Article by John Matich
When he was a young boy, Dan Carter would often cry after rugby games. Small and not very strong, Carter found himself playing against kids twice his size, who would flatten his attempts to tackle them. Wishing to keep getting better at the game, Carter would spend hours after school practicing with the ball. Passing, catching and kicking it over his family home, where he had a set of posts in the back yard.
Sure, he was small. And sure, he might’ve not felt like he was physically a match for the other players. But he wanted to be good, so he practiced despite this. And so it happened, that years later, because of this practice that Carter eventually became the highest-rated rugby player in history, in one of the greatest sporting teams of all time.
Ball handling skills
Aside from cardiovascular fitness, the fundamental skill in rugby is being able to handle the ball well. Without good handling skills, no team or player, no matter the level, will fall apart. As you are going to be facing head-on collisions with other people, and likely playing in tough, wet conditions – being confident with your passing, kicking, and catching is essential.
Because in order to win, you need to get the ball over the line.
This is why your practice should always be centred around the ball. Endlessly drilling your technique until the rugby ball feels at home in your hand. This is something that New Zealanders learn from a young age – developing a skill of ‘catch passing’ where they are capable of sending the ball to the next player as soon as it touches their hands.
With this in mind, here’s everything you need to know about which rugby ball to buy.
What size rugby ball should I get?
Rugby balls come in a variety of sizes. On average, these sizes are:
5 – 285mm length, 752mm circ, 585mm girth
4 – 275mm length, 720mm circ, 555mm girth
3 – 255mm length, 680mm circ, 540mm girth
The rugby ball you should use will correspond to your age, as that will determine which size ball will see competitive play at your age range. Size 5 is used by ages 15 and up, size 4 is used by ages 10-4 and size 3 is used by ages 9 and under.
Although some size balls might suit your hand size better, you should always use the ball that is used by your age range otherwise you will find yourself unused to handling it, stumbling, dropping it and maybe even on the wrong side of a tackle.
What types of rugby balls are there?
There are a few different types of rugby ball available. While their colour and visual design are entirely aesthetic, they vary in terms of material design based on how the ball is going to be used. The three most common types you’ll find will be:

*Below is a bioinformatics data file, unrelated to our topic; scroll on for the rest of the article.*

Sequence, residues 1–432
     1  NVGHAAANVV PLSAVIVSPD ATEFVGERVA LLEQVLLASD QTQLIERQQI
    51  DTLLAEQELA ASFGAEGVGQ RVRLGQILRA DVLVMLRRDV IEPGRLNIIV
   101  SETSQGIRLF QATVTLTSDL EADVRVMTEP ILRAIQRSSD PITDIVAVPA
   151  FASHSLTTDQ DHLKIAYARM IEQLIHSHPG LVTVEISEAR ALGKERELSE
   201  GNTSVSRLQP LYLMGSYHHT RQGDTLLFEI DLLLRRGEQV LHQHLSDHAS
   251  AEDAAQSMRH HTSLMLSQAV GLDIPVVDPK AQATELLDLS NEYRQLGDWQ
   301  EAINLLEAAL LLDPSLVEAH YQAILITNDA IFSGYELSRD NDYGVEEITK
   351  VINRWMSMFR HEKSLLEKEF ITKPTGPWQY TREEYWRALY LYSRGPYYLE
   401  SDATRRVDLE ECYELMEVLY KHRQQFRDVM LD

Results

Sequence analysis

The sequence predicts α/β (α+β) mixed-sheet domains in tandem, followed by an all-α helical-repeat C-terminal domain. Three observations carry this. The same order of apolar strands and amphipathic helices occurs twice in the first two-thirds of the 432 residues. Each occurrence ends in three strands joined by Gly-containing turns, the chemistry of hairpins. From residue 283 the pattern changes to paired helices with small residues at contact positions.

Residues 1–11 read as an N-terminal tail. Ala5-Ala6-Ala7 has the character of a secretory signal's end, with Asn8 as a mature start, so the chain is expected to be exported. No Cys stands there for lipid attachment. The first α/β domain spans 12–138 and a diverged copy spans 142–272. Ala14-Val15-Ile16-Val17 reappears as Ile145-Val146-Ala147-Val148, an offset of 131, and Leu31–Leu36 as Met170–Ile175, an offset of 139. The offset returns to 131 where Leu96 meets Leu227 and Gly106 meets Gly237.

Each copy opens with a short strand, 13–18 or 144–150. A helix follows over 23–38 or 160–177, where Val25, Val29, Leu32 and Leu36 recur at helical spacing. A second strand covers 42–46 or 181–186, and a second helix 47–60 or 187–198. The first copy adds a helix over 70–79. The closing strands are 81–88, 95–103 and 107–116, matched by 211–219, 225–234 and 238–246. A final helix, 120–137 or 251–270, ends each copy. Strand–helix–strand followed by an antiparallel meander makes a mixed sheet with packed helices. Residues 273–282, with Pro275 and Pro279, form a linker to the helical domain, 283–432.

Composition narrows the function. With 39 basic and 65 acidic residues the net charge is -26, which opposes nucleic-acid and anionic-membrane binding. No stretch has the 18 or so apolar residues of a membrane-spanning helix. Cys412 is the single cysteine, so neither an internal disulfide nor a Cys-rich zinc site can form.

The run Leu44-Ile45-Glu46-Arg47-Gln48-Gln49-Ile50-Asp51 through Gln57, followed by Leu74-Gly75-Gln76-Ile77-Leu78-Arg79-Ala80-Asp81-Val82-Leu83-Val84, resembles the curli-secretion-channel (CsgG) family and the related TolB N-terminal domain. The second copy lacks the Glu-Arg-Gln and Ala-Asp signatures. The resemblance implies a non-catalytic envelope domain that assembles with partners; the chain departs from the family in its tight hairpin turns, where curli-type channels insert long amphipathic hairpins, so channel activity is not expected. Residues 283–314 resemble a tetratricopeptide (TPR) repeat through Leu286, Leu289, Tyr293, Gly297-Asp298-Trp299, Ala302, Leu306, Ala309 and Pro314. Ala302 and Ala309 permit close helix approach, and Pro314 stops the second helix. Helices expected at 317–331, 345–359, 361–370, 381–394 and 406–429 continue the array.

- Match ball
- Training ball
- Recreation ball
Ironically, any of the balls can be used for reaction, training, or a rugby match (outside of professional games), but specific types do come with advantages. Match balls, for instance, are usually pre-kicked to wear the ball in, and have enhanced grip. Training balls on the other hand typically have less grip which encourages better handling skills.
What is the best rugby ball?
Any rugby ball will do, provided it’s well made, but as you’re going to be training (rather than competing professionally), a training ball will always be your best choice.
You want a ball that can take a battering, manage all weather conditions, and will encourage good performance from you. Through their typically durable design and moderate grip, training balls will do just that.
This also means that when you’re playing more competitive rugby where match balls are used, you will find them far easier to handle with this enhanced grip, and you’ll see yourself dropping them a lot less.
What are the best rugby ball brands?
There are many different brands of rugby ball, but a few, in particular, are good indications of quality. These are:
- Pro Impact
- Web Ellis
Here are my picks for the best rugby balls to buy:
- Mitre Sabre Rugby training ball
- Canterbury Thrillseeker rugby training ball
- Gilbert GTR 4000 training ball
If you drill your ball skills enough, you will have a significant advantage over other players. Although rugby can seem like a sport where physical size beats everything else, you’ll quickly learn, like a young Dan Carter did, that understanding the game and matching it with excellent ball skills trump size every time.